AbstractThe aim of this work is to explore the needs, in terms of power electronics and control of high power fault-tolerant machine drive when used in mission critical aerospace applications.
Much work has already been done to develop high performance electrical machines and converter topologies, making large gains in these fields less likely. The architectural and control levels on the other hand have been much less explored, making an in depth, system level study of these topics worthwhile.
The main focus throughout the whole design process has been total scalability of the designed architecture, achieved through vertically integrated co-design of power electronics hardware, firmware and software. In this thesis a distributed fault-tolerant drive architecture is presented, potentially able to scale effortlessly up to hundreds of phases, without significant redesign.
Few key technologies enabling high frequency distributed current control in a scalable system have been developed. A custom communication protocol has been introduced, designed from the ground up for distributed power electronics control applications, enabling sub microsecond communication latency on bandwidth limited channels, like common and cheap plastic optical fibres.
Being tailored to the specific application it also avoids the common pitfalls related to the industrial automation origins of the most common protocols.
A second cornerstone of the architecture, introduced in this thesis, are a custom Instruction Set Architecture (ISA) and the related processing core, tailored to perform control system calculations with total determinism, as opposed to the commonly used Discrete DSP processors. Their implementation inside an FPGA combines the advantages of both systems, with scalability and determinism proper of custom logic, while retaining the ease of development typical of software systems.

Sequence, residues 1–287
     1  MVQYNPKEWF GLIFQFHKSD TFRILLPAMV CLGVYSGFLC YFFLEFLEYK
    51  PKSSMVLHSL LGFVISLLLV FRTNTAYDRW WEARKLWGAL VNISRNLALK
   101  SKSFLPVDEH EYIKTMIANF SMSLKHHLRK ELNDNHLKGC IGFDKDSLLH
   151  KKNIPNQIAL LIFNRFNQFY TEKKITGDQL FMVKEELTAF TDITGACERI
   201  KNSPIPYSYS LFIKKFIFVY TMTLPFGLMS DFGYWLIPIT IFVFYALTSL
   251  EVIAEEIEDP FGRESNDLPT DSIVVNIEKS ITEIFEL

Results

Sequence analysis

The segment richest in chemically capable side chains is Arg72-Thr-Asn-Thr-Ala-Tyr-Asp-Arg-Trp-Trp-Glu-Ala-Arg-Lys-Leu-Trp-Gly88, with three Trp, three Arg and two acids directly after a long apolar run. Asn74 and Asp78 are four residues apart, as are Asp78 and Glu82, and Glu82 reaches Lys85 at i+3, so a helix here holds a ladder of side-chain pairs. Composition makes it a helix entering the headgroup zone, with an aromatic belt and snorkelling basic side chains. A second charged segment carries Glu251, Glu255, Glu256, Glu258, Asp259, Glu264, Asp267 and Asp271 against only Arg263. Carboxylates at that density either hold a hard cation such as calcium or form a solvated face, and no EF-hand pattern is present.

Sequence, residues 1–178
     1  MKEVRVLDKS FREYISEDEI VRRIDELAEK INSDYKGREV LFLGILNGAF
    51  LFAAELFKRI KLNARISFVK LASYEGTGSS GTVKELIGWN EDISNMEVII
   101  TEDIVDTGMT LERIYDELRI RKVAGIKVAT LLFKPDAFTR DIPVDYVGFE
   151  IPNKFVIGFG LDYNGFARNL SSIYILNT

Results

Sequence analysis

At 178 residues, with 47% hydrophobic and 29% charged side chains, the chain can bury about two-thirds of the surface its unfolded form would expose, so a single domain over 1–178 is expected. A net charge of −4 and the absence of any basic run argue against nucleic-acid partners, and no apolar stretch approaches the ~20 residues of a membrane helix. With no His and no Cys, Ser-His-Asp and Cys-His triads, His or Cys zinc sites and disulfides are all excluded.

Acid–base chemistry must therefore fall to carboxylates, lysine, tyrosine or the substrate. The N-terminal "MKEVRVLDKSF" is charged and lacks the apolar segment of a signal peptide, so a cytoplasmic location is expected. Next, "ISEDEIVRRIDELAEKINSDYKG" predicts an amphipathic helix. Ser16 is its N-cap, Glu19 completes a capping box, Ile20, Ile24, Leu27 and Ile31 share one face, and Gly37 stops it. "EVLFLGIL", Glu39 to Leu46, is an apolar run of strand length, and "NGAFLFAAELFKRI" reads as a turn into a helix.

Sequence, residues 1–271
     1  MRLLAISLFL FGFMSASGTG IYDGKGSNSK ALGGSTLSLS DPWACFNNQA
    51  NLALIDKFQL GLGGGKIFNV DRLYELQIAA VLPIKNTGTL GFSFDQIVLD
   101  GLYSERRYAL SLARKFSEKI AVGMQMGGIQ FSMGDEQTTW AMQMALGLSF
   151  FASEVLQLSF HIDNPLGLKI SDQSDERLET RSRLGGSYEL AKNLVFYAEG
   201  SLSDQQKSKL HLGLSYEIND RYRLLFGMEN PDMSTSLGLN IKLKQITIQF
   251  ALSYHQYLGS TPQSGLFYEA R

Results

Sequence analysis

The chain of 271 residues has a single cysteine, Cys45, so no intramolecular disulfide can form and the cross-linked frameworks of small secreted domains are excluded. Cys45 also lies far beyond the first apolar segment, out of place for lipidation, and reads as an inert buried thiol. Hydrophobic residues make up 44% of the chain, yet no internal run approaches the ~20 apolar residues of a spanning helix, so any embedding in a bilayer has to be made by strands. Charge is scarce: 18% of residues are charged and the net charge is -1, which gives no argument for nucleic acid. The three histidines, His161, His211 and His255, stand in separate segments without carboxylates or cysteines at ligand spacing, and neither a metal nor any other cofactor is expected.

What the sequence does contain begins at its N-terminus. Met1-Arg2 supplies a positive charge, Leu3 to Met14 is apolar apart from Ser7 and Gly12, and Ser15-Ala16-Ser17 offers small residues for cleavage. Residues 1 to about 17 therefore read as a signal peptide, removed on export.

Finally, a highly scalable synchronous reference frame current control strategy is adopted, in order to take full advantage of the designed distributed drive architecture. The avoidance of commonly used reference frame
transformations completely decouples the implementation of current controllers between phases, enabling parallelization of the entire control system, that channels, in case of necessity, be partitioned across multiple computing nodes, without the strict need for high speed communication links between them.
|Date of Award||Jul 2022|
|Supervisor||Chris Gerada (Supervisor), Giampaolo Buticchi (Supervisor) & Pat Wheeler (Supervisor)|
- power electronics
- fault-tolerant machine drive